Author: Mohd Imran | Indian Society for Legal Research
(This post is part of the First Edition of the ‘Symposium on Development Aid: Charity, or An Oppressive Tool of Inequality?’ by asiablogs.)
For college students and graduates, internships provide an opportunity to work in their field of interest and give them a taste of what their future careers would look like. For those who come from Third World Countries, making a career in international law comes with several challenges. In this article, I have tried to look into how unpaid internships to three international Courts, namely, the International Court of Justice (ICJ), International Criminal Court (ICC), and International Tribunal for Law of the Sea (ITLOS), forms the part of larger neocolonial global order and has a role in shaping the future of international law. I attempt to answer whether the internship in these International Courts and Tribunals (ICTs) affects the quality of international lawyers coming from Global North and Global South.
Training Programmes at ICTs
Recently, the ICC advertised several opportunities for young professionals and students, including internships and Visiting Professionals Program. What was appalling to see is that an independent court with a budget of €148,259,000 (2021) does not guarantee even minimum wages to interns and young professionals. Although the ICC established a Trust Fund for the Development of Interns and Visiting Professionals in 2019, the funding depends on donations from the State Parties, court staff, and elected officials. Moreover, to be eligible for funding from ICC’s Trust Fund, the applicant must be a national of a State party to the Rome Statute, and that State should be a developing country. Therefore, if an applicant comes from a country which is not a State Party to the Rome Statute, she/he might not get a chance to gain experience at the ICC without making other arrangements for living in The Hague.
Similarly, the Judicial Fellowship Programme (JFP) at the ICJ was started to enable the law graduates to gain experience at ICJ and build up their understanding of international law and the ICJ’s procedures by actively involving in the work of the Court. The fellowship allows them to build on experience under the supervision of a judge. Despite ICJ’s annual budget of $ 28 145 500 (2020), the JFP at ICJ requires funding from the nominating university of applicants for a stipend covering accommodation and subsistence in the Hague, health insurance, and travel cost. The data provided in the resolution for creating a Trust Fund at ICJ provides the following:
“From 2000 to 2019, a total of 193 fellows participated in the Programme; 95% were sponsored by universities based in countries of the Group of Western European and other States. During the same period, no fellows were sponsored by universities in Africa and Eastern Europe. Only one fellow (0.5%) was sponsored by a university in Latin America and the Caribbean, and eight fellows (4%) were sponsored by universities in the Asia-Pacific region. Of the 193 fellows, the overwhelming majority (68%) were nationals of countries of the Group of Western European and other States. Only 11 fellows (5%) were nationals of Eastern European countries, 13 (6%) of African countries, 17 (8%) of Latin American and Caribbean countries and 30 (13%) of Asia-Pacific countries.”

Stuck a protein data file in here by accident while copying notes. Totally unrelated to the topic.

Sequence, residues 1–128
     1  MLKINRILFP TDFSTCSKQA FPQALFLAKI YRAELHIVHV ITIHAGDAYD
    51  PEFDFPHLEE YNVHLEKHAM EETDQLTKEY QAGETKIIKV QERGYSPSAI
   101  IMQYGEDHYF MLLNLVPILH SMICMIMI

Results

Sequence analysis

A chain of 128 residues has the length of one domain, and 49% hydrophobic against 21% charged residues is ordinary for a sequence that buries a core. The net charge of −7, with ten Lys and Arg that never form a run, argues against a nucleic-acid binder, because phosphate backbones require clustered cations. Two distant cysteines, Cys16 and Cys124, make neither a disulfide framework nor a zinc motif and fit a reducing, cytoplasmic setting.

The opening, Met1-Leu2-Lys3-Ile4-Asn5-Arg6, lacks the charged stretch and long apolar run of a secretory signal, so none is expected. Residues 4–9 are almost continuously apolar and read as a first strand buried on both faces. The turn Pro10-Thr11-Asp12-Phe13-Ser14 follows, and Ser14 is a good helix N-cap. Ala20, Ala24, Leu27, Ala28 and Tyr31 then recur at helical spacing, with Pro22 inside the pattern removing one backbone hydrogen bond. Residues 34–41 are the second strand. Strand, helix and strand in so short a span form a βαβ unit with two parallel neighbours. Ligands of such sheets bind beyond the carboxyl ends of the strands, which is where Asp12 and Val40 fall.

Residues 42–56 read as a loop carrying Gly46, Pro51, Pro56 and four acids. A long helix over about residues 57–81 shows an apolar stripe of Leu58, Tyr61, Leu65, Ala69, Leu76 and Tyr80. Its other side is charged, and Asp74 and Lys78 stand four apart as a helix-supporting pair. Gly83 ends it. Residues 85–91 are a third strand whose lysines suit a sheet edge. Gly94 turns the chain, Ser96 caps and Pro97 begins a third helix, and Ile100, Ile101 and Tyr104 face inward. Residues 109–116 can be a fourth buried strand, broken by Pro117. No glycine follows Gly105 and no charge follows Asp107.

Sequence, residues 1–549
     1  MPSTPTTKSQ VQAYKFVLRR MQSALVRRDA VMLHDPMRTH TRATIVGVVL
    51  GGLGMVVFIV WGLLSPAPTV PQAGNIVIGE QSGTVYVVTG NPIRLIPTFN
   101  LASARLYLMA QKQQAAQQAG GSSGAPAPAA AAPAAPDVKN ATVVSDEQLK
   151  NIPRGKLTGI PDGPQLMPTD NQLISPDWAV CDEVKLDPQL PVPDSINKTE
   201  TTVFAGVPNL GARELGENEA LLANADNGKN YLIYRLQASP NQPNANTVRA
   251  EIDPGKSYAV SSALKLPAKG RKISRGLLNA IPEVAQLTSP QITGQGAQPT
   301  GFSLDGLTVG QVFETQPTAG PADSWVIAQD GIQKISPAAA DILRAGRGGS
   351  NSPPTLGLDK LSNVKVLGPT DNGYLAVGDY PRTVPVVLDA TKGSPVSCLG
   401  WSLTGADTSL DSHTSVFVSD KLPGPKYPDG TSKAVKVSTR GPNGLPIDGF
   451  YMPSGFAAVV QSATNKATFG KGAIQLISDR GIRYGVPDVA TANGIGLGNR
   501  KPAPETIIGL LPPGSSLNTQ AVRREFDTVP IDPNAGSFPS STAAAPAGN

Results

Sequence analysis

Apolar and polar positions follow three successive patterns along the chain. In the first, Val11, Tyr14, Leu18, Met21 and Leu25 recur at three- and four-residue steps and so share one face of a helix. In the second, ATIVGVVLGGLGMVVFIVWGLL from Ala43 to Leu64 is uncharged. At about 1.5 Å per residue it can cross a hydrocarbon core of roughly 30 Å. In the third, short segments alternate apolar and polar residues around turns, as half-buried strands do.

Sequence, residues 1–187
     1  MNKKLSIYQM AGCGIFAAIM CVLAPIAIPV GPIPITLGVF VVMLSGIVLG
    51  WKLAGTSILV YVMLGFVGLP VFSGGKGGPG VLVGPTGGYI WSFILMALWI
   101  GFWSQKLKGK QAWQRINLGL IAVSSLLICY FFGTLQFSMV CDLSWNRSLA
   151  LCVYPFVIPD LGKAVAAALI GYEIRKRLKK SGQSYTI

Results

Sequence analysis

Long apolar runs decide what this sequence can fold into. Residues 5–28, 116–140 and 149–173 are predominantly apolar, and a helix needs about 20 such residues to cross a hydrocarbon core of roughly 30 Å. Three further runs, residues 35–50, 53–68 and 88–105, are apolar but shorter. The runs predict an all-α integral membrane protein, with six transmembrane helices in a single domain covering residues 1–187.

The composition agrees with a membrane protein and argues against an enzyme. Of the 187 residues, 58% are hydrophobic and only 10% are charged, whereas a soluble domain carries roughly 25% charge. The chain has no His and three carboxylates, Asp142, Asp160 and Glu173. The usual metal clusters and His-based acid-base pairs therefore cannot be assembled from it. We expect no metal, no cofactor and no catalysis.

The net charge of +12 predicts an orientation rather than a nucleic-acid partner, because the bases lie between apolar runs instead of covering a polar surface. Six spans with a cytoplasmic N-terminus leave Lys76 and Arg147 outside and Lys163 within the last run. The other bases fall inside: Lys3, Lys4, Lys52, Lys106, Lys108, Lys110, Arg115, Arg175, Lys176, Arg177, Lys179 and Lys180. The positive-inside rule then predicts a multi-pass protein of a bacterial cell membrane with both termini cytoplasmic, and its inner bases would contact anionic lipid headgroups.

The Internship at ITLOS is supported by a Trust Fund for the Law of the Sea established in 2010 that covers the living and travel cost of the interns. However, even at ITLOS with an annual budget of €24,155,000 (2021-2022), the contribution in the Trust Fund is made by the Korean Maritime Institute and the Ministry of Foreign Affairs of the People’s Republic of China. It is interesting to note that funding for the internship is not covered under the regular budget of the court. It depends on external sources. It is not that these ICTs do not have enough money to pay interns. It depicts the political will of the people working in these ICTs. A few UN agencies, such as UNICEF and the World Food Programme, have started to pay stipend to their interns. The World Health Organization is also offering stipends to students, including medical and accident insurance.
Neocolonialism and International Law
Mathew Perish, in his book, argues that international law is industry driven by the need for its self-propagation. The international legal regime is not a legal system in the conventional sense but is rather a bureaucracy. Brian-Vincent Ikejiaku writes that the construction and reconstruction of international law favouring Western countries has been the key instrument that perpetuates severe inequality between the Global North and Global South, which in turn hampers efforts toward global peace and security. On this Professor B. S. Chimni writes,